Inquiry-based learning is an instructional method and form of active learning developed during the discovery learning movement of the 1960s. Inquiry learning emphasizes constructivist ideas of education. Students originate questions, search for information and learn on their own with the teacher’s guidance. Students may work in pairs or small groups to seek solutions while conducting investigations. Progress is assessed by how well students develop experimental and analytical skills rather than how much knowledge they possess. A spectrum of inquiry-based teaching methods has been articulated for science education (Herron 1971). While particularly relevant to science education, inquiry learning methods can be applied across the curriculum.
Guided inquiry provides a support structure for inquiry learning by focusing instructive interventions at each stage of the inquiry process. The teacher begins with a question, and a collaborative instructional team including teacher(s), school librarian(s) and other specialists enhance subject content, connecting it to the students’ world through thoughtful planning and adaptability. Guided inquiry extends the KWL (know, want to know, learn) framework and helps students move through an inquiry process of selection, exploration and formulation leading to deeper understanding of subject matter and skills transferable to other inquiry projects.
Evidence Base for Inquiry Learning and Guided Inquiry:
Articles and Websites
The Buck Institute for Education: http://www.bie.org/. This website has a focus on Project-Based Learning and provides a host of resources for educators along with research on inquiry-based learning strategies.
Herron, M.D. (1971). “The nature of scientific enquiry.” Educational Psychologist 79 (2): 171–212.
McAlpine, Lynn, Maguire, S. and Lee, M.D. “The Pedagogy Excellence Project: a Professor-Student Team Approach to Authentic Inquiry.” Teaching in Higher Education 10.3 (2005) 355-370. Summarizes a two-semester course-based project at McGill University where professors conduct action research with MBA students whose task was to research teaching and learning, and develop recommendations for the McGill faculty.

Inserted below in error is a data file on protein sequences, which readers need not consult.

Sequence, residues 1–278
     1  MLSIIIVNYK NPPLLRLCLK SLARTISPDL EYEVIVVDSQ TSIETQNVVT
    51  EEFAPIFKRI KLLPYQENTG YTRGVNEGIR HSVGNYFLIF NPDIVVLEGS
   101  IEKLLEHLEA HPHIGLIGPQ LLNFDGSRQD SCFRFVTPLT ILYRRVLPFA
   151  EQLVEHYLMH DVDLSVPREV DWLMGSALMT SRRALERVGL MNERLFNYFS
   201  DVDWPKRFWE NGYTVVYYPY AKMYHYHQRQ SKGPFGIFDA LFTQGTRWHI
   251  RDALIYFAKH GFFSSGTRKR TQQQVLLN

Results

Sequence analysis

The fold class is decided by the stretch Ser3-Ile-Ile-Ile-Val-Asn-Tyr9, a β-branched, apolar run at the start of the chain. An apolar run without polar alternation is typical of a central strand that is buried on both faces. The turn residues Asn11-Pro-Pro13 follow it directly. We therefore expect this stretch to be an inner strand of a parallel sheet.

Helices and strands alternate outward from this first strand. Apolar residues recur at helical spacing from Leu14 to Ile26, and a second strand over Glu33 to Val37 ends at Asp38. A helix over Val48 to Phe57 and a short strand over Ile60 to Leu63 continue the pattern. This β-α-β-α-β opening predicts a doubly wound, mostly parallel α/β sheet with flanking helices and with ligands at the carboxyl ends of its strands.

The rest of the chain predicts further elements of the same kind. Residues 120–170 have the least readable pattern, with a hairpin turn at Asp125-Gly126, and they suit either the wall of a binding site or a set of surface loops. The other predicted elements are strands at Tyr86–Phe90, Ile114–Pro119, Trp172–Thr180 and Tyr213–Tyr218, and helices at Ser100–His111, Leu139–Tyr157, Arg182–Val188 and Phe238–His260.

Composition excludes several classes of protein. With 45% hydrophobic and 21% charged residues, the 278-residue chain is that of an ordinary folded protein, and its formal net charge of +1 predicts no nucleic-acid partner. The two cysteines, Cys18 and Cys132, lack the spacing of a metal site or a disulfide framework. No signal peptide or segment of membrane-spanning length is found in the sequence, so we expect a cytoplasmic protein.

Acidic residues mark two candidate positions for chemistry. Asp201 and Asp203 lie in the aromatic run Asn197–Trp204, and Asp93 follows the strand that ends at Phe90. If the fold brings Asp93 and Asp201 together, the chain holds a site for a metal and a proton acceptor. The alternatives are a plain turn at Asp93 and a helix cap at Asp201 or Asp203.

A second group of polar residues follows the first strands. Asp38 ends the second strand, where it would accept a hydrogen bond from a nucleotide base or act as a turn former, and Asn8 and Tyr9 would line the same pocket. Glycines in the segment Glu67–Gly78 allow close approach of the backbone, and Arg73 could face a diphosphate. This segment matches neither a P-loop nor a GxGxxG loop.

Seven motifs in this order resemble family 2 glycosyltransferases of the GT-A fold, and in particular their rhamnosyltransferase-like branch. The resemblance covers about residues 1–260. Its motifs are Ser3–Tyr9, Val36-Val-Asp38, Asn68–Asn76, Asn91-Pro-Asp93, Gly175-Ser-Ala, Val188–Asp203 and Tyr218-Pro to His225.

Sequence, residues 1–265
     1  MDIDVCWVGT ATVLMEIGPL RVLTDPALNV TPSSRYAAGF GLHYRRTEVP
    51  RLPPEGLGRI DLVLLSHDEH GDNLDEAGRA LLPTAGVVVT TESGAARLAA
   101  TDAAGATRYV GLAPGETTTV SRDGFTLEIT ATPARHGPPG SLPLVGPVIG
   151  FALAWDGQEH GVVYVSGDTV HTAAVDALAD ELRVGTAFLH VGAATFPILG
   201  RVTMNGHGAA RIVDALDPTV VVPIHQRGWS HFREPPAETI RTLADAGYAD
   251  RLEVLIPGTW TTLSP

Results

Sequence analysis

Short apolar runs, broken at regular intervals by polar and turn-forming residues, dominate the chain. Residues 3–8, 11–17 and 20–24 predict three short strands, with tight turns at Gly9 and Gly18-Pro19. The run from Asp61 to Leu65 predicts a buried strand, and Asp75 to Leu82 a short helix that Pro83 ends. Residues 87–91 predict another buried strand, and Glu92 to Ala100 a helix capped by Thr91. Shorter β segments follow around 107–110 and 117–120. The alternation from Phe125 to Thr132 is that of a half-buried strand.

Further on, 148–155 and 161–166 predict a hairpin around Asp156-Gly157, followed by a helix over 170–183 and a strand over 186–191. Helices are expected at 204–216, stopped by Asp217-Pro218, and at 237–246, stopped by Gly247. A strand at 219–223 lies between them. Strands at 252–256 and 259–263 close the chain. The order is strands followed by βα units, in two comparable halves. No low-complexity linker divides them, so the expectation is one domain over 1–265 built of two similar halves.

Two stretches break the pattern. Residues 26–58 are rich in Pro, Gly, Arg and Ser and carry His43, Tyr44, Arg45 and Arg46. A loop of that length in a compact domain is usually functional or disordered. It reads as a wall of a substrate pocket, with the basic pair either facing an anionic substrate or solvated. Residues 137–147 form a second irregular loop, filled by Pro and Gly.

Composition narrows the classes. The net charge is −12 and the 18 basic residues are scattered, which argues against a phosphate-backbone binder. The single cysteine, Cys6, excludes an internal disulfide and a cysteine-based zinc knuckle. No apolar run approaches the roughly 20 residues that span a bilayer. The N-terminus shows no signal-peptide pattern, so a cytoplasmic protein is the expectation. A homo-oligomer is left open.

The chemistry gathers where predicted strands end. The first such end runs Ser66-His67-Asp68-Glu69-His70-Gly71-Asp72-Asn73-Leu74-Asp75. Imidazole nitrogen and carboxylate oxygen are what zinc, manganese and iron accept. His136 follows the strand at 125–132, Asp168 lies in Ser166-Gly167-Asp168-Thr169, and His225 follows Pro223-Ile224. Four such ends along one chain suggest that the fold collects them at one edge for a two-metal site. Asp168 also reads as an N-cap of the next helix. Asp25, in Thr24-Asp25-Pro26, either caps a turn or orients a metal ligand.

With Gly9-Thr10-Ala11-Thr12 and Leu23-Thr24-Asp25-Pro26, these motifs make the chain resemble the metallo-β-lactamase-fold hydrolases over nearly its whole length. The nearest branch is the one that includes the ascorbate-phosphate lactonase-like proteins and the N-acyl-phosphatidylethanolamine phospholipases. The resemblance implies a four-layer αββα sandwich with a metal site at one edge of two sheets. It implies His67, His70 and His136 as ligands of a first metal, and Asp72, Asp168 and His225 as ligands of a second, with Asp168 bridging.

Ogle, D.S. (1986). “K-W-L Group Instructional Strategy.” In Teaching Reading as Thinking, edited by A. Palincscar, D. Ogle, B. Jones, and E. Carr. Teleconference Resource Guide. Alexandria, VA: Association for Supervision and Curriculum Development: 11-17.
ReadWriteThink: http://www.readwritethink.org/ . The International Reading Association and the National Council of Teachers of English website provides extensive resources for classroom teachers, professional development, after school providers, parents & community members. Excellent navigation allows site searches by grade level, resource type, learning objectives, or themes. Lesson plans on the site are aligned with state standards and 21st century learning outcomes.
Rhodes, Terrel, ed. 2010. Assessing Outcomes and Improving Achievement: Tips and Tools for Using Rubrics. Washington, DC: Association of American Colleges and Universities. Rubrics from the VALUE (Valid Assessment of Learning in Undergraduate Education) project are available on the following topics: inquiry & analysis, critical thinking, creative thinking, written communication, oral communication, reading, quantitative literacy, information literacy, teamwork, problem-solving, civic knowledge & engagement (local & global), intercultural knowledge & competence, ethical reasoning, foundations & skills for lifelong learning, integrative & applied learning. See http://www.aacu.org/value/index.cfm for the online version.
Rutgers School of Communication and Information: http://cissl.rutgers.edu/joomla-license. The research themes include: dynamics of student learning and knowledge construction, school library programs, inquiry-based learning, reading and literacy.
Swanson, Mary Catherine et.al. The AVID Classroom: a System of Academic and Social Supports for Low-Achieving Students. 1993: EDRS. ED 368 832. The report discusses the origins and early replication of AVID-Advancement Via Individual Determination—a program that places previously low-achieving students in college prep classes. AVID classes emphasize the writing process, inquiry methods, and collaborative groups along with explicit instruction in ‘college knowledge,’ and social scaffolds supporting student placement.
Todd, R. et. al. (2005). “Impact of School Libraries on Student Learning.” Institute of Museum and Library Services Leadership Grant Project Report. Available: http://cissl.rutgers.edu/joomla-license/impact-studies.
Barell, John. (2006) Problem-Based Learning: An Inquiry Approach, 2nd edition. Thousand Oaks, CA: Corwin Press.
Burke, Jim. (2010). What’s the Big Idea?: Question-Driven Units to Motivate Reading, Writing, and Thinking. Portsmouth, NH: Heinemann.
Kuhlthau, Carol C. et. al. (2007). Guided Inquiry: Learning in the 21st Century. Westport, CT: Libraries Unlimited.
Leskes, Andrea and Ross Miller (2006). Purposeful Pathways: Helping Students Achieve Key Learning Outcomes. Washington DC: Association of American Colleges and Universities. This publication describes how colleges and high schools can work together to design powerful and sequential learning—‘purposeful pathways’—for integrative learning, inquiry learning, global learning, and civic learning outcomes.
Wilhelm, Jeffrey. (2007) Engaging Readers & Writers with Inquiry (Theory and Practice) New York, NY: Scholastic Inc.